The ship's collision with the iceberg was made worse by a command to turn away from the looming iceberg. It's anyone's instinct to avoid a collision. In this situation, that instinct was based on a misconception. While many would have suffered broken bones and some would have died from injuries during a head-on collision, the Titanic would probably not have sunk after such a collision. Few of its watertight compartments would have been breached. Because the ship turned, the iceberg slashed along the entire length of the ship on one side, resulting in almost half the watertight compartments being breached. If all those compartments filled with sea water, the Titanic would sink. None of its designers had ever considered the possibility the ship would sideswipe an iceberg along so much of her length.

Once struck, another misconception sealed the ship's doom. No one checked soon enough to see how bad the damage was. Subsequent investigations have shown that the combined area breached in the ship's side was less than ten square feet, across many different "watertight" compartments. With fast action, rescue crews could have placed mattresses and waterproof liners over enough of the gashes in the least damaged compartments to have kept the ship afloat until rescuers arrived.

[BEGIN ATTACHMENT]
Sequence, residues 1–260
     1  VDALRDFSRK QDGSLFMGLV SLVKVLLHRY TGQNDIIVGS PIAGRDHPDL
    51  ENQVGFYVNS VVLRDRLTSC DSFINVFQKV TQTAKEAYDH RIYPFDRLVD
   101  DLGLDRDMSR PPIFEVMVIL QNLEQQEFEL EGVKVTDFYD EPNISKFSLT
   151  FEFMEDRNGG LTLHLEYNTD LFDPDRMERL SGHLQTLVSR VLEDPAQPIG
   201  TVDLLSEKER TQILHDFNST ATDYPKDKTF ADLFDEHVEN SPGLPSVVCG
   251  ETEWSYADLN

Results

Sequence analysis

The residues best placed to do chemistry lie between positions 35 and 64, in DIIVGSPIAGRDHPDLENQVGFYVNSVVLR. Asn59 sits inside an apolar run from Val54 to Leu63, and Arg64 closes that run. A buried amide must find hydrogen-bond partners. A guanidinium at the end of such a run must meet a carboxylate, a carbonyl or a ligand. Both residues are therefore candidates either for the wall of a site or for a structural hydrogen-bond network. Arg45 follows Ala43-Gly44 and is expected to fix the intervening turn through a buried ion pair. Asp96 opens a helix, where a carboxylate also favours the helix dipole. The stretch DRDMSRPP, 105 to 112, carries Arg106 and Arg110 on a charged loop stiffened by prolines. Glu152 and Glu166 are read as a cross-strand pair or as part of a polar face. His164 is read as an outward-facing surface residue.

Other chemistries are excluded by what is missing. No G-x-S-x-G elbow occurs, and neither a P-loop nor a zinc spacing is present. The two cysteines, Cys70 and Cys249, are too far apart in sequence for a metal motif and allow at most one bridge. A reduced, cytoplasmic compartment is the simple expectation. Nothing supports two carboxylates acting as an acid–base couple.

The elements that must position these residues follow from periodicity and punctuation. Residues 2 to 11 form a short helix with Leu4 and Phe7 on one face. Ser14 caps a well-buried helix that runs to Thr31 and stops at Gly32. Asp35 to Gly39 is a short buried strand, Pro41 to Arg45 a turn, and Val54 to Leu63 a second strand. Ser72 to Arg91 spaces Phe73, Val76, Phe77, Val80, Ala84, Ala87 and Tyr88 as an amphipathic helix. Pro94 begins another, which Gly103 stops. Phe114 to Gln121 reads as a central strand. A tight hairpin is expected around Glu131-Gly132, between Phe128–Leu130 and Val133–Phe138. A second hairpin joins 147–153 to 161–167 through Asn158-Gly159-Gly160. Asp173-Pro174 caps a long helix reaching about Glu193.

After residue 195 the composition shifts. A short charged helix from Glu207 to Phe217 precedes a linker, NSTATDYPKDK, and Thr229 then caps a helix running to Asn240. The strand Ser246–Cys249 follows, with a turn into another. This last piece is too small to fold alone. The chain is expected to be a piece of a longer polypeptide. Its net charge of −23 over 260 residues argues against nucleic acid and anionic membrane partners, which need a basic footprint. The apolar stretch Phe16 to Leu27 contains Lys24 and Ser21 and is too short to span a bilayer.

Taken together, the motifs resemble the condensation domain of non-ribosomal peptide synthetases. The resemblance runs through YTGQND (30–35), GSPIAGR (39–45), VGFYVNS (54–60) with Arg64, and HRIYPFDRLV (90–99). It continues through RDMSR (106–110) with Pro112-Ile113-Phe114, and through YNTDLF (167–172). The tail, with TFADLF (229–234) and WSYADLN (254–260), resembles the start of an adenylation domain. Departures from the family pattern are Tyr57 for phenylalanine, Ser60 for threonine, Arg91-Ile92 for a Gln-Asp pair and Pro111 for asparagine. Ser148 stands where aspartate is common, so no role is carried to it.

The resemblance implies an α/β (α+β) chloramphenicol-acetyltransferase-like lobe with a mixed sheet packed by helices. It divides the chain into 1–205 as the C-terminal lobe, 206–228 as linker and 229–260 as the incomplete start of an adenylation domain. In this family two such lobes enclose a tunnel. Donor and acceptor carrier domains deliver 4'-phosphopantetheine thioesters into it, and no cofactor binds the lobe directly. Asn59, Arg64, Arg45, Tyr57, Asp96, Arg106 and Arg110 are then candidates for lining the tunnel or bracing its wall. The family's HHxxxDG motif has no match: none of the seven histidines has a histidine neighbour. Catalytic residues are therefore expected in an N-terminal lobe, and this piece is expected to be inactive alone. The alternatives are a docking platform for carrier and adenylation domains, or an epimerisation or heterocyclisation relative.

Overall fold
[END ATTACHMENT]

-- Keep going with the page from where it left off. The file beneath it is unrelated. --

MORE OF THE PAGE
Passengers also didn't want to take their chances with an early life boat in the North Atlantic, feeling they were safer on board. Many of the life boats were launched without a full complement. Many other life boats couldn't be launched later because the ship was listing so hard on the side where the iceberg struck its sideways blow.

Once the Titanic was in peril, misunderstanding of the facts once again weighed in to create unnecessary harm. The captain of the Californian, a nearby ship large enough to rescue everyone aboard the Titanic, was alerted by the watch that Titanic was launching distress flares. The captain decided these pyrotechnics must be some kind of celebration and sailed on. All this captain had to do to avoid this mistake was to wake up his radioman and ask the Titanic, "You're not sinking, are you?"

The lesson to be learned is that we can change course and avoid icebergs that can mortally damage our organizations. We don't have to steam at top speed through treacherous waters without enough life boats simply because we misunderstand the dangers.

Copyright 2007 Donald W. Mitchell, All Rights Reserved

Donald Mitchell may be contacted at

Donald Mitchell is chairman and CEO of Mitchell and Company, a strategy and financial consulting firm in Weston, MA. He is coauthor of six books including The 2,000 Percent Squared Solution, The 2,000 Percent Solution, and The 2,000 Percent Solution Workbook. Free advice for accomplishing 20 times more is available to you by registering at =====> .